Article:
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116 Cards in this Set

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  • Back
Descriptive statistics
describe, organize, summarize data Ex: avg. cholesterol values
Inferential statistics
make inferences based on data
Ex: sample cholesterol values from RANDOM # students
a population
observations or measurements of ENTIRE subjects
a sample
a subset of the population-measurements of PARTIALLY selected subjects
another word for observation
element (X)
simple random sample
every element has equal prob. of being included
Ex: drawing fromm stack of 52 playing cards
How do you eliminate biased samples?
True randomization...Stratified randome samples
stratified random sample
population divided into homogenous groups or strata (age, ethnicity, gender)
cluster sample
based on geographic areas
used when too expensive to draw simple random sample
systemic sample
ex: select every 5th student
Facts about probability
cannot be negativ
expressed as decimals
lie between 0 and 1
1-p=probabilty event wont occur
When do you use the addition rule?
when the events are mutually exclusive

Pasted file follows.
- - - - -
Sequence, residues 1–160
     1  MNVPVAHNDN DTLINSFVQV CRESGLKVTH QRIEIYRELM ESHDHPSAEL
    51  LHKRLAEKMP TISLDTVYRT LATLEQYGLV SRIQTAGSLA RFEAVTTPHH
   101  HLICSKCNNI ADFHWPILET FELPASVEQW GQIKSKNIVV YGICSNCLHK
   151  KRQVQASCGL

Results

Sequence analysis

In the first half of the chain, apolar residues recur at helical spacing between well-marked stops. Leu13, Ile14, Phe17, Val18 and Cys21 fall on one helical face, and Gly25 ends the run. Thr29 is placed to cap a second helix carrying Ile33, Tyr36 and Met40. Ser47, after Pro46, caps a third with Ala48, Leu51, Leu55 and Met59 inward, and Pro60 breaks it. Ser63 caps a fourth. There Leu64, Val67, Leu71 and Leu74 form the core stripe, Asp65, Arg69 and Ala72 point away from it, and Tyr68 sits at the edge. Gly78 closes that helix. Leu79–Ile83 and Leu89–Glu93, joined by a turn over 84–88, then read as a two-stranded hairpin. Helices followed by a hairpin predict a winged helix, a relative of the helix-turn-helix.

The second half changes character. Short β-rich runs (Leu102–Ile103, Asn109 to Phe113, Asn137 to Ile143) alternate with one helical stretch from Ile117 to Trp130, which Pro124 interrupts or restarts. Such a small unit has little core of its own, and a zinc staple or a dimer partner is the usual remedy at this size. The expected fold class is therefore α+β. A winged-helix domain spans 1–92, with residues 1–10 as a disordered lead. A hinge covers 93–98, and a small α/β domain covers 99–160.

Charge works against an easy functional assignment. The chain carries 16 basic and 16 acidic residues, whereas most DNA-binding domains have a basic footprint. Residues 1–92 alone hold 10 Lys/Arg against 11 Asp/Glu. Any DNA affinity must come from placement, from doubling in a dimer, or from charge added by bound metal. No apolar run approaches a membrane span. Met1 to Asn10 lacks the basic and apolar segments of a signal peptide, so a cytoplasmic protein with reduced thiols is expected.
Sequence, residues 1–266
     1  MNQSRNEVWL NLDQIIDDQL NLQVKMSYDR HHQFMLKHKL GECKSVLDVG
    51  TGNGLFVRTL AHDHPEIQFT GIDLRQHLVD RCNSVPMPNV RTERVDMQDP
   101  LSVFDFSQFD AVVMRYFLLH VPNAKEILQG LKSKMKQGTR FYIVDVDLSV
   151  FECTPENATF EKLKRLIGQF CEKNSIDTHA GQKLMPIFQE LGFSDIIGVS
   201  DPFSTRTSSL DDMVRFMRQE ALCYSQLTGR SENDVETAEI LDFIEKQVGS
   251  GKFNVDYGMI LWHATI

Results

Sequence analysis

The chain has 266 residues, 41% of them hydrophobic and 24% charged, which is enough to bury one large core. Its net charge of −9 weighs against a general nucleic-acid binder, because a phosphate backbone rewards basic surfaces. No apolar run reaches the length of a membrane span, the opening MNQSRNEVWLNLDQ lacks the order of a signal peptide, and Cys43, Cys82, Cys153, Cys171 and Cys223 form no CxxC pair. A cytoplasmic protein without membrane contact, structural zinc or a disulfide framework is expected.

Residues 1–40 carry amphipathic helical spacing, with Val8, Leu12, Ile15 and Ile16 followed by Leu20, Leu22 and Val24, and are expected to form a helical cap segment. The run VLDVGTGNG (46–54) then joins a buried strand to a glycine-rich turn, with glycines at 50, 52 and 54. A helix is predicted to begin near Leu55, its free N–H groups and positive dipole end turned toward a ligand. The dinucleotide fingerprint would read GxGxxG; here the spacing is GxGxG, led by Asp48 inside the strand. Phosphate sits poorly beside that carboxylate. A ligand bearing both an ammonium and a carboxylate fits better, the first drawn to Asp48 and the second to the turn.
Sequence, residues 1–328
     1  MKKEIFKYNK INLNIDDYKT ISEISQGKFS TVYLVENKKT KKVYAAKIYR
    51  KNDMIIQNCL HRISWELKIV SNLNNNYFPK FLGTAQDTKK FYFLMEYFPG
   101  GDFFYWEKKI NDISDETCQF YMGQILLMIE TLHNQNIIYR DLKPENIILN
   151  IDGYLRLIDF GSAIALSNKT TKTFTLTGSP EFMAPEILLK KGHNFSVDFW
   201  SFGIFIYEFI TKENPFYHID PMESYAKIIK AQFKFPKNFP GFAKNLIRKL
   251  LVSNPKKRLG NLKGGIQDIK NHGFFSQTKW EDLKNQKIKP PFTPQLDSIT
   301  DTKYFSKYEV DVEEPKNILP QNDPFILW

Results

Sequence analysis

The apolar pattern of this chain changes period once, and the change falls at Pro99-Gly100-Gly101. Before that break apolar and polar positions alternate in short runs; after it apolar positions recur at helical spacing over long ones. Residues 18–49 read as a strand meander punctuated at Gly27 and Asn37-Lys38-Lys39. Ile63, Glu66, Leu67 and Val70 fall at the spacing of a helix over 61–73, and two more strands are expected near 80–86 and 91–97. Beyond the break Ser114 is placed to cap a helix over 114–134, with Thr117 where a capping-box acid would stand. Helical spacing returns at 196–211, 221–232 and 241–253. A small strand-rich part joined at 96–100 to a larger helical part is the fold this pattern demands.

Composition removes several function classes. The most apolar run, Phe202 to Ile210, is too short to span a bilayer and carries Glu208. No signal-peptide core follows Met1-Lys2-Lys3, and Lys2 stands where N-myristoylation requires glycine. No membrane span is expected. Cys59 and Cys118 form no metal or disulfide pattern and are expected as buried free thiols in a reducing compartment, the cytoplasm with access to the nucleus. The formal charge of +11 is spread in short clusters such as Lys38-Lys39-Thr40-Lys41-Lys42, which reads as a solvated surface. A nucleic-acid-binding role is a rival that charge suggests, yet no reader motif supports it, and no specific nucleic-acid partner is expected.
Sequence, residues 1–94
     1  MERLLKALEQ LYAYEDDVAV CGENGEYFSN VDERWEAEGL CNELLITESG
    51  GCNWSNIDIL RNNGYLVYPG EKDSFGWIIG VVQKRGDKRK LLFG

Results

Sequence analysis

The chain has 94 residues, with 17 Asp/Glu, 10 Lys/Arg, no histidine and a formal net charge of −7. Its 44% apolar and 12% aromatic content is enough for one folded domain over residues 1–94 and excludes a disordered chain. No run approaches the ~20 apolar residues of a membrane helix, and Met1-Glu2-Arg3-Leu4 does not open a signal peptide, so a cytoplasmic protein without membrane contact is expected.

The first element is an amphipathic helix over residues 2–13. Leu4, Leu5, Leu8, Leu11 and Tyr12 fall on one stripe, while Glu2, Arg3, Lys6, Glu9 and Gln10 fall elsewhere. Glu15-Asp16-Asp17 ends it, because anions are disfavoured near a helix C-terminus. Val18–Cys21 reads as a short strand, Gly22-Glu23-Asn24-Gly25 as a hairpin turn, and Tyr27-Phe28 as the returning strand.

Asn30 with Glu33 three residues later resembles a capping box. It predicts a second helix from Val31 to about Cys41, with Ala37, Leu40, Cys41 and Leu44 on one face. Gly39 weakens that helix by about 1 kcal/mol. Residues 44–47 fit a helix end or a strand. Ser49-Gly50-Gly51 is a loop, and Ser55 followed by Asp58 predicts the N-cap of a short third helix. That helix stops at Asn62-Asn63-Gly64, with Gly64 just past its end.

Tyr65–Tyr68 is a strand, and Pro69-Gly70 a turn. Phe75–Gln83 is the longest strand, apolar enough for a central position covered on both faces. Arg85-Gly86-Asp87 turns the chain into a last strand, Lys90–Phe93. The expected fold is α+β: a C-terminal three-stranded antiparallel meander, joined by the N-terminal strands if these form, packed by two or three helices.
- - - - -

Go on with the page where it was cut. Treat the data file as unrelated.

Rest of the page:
When do you use the multiplication rule?
When 2 or more events are independent and both could happen at the same time
Binomial distribution is normally...
to describe inheritence of genetic disease. The p with ONLY 2 possibilities
Nominal data
organized into qualitative groups: male/female
Ordinal data
data organized in ranking order
DOES NOT provide info on size of INTERVAL b/n data
Interval data
data organized into meaningful order with meaningful intervals in b/n
EX: centrigrade scale
Ratio data
data organized with meaningful intervals
Ex: Kelvin scale, seconds, days, pulses/min
cumulative frequency distribution
% of elements lying within and below each class interval
Ogive curve
S-shaped curve for cumulative frequency
What do centile ranks tell us?
% of observations that fall below any particular score
What is the shape of the normal distribution curve?
symmentrical bell shaped
Gaussian distribution
How can you tell whether a skewed distribution is positive or negative?
by the location of the tail of the curve
Ex of central tendencies
mean, median, mode
Central tendency that occurs with the greatest frequency
What is the median when you have an odd # of elements?
middle number
What is the median when you have an even # of elements?
avg of two middle scores
VERY sensitive to extreme scores
3 measures of variability
range, variance, standard deviation
Difference b/n lowest and highest scores
How do you determine the deviation score?
difference between elements and the mean
* the sum of the deviation scores for all elements is 0
Can you use deviation scores to differentiate b/n 2 different normal distributions?
What is the variance of a distribution
the mean of the squares of all the deviation scores.
1. find deviation scores
2. square each deviation score
3. obtain mean
How do you find the standard deviation?
it is the square root of the variance.